Today's Headlines and Commentary

Today's Headlines and Commentary

By Coleman Saunders
Thursday, May 23, 2019, 4:09 PM

WikiLeaks founder Julian Assange has been indicted for violating the Espionage Act, according to the Washington Post.

Narendra Modi was re-elected Prime Minister of India, reported the New York Times. His landslide victory is viewed as an electoral vindication of his Hindu nationalism and pro-business policies.

President Trump declared that he will refuse to work with congressional Democrats on legislative matters unless they cease oversight investigations into his administration, said Politico

The Trump administration has announced plans for a $16 billion aid package to farmers to alleviate the impacts of the ongoing U.S. trade war with China, according to the Times.

John Walker Lindh, an American citizen convicted for aiding the Taliban, was released from prison today after serving 17 years of a 20-year sentence, said CNN.

Bank executive Stephen Calk was indicted on federal bribery charges in Manhattan; he stands accused of providing millions of dollars in loans to Paul Manafort in return for a position in the Trump administration (which he did not ultimately receive), reported the Times.

ICYMI: Yesterday on Lawfare:

Jack Goldsmith shared the second part of his analysis criticizing Special Counsel Robert Mueller’s interpretation of the clear statement rule.

Bob Bauer discussed the potential pitfalls and opportunities of Mueller testifying before Congress.

Carrie Cordero analyzed the counterintelligence responsibilities of the Justice Department in the lead-up to the 2020 election, and how comments from Trump and Barr may be complicating those responsibilities.

Jen Patja Howell posted the latest episode of Rational Security in which Scott Anderson, Shane Harris, Quinta Jurecic and Margaret Taylor address recent news concerning Huawei, Trump pardoning war criminals and Don McGahn’s failure to appear for congressional testimony.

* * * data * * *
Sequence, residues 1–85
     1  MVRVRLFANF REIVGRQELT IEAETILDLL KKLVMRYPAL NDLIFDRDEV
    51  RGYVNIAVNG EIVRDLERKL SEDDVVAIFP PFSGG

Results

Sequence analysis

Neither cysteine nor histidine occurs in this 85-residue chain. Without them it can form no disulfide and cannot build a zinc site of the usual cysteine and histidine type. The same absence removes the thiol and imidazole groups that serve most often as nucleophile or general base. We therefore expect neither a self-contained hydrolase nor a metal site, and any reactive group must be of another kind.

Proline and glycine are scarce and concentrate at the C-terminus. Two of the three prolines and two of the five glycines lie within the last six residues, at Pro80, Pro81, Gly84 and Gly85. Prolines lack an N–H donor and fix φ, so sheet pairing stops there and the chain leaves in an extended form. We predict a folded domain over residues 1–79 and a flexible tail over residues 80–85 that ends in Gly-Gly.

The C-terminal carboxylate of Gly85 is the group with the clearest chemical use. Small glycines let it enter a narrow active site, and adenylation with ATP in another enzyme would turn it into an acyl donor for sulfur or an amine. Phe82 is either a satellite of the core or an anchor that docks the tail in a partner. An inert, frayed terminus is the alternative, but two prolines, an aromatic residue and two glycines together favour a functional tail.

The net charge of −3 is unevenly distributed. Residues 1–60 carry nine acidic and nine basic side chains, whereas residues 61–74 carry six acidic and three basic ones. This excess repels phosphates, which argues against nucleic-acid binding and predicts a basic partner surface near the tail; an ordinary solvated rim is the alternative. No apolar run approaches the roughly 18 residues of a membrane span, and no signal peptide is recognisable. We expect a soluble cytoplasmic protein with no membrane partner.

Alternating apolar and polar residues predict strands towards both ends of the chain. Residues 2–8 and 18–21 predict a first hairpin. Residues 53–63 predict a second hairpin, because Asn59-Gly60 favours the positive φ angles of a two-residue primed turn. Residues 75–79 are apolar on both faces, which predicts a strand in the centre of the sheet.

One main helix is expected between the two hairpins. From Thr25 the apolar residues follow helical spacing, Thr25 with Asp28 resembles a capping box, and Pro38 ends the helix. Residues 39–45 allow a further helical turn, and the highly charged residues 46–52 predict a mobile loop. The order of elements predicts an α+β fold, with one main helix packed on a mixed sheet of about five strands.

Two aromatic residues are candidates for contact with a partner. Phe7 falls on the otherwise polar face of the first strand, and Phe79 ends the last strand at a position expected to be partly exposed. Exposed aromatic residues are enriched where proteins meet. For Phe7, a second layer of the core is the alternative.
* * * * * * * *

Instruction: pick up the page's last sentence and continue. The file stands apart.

Margaret Colgate Love examined the attorney general’s role in the presidential pardon process.

Jonathan Schaub analyzed the limits of testimonial immunity as it applies to former executive branch officials.

Emmah Wabuke discussed the invocation of Responsibility to Protect by regional organizations, focusing specifically on its recent invocation by ECOWAS to justify intervention in Gambia.

Nicholas Weaver highlighted the technological consequences of Trump’s executive order on telecommunications.

Ashley Deeks provided information about an online symposium discussing unilateral targeted sanctions.

Robert Chesney and Steve Vladeck shared the most recent episode of the National Security Law podcast.

Mikhaila Fogel shared transcripts of congressional testimony given to the House Judiciary Committee by several current and former Justice Department officials regarding the 2016 election—the transcripts were released by Rep. Doug Collins, the top Republican on the committee. Fogel also shared unsealed search warrants granted to the special counsel in the Michael Cohen case.

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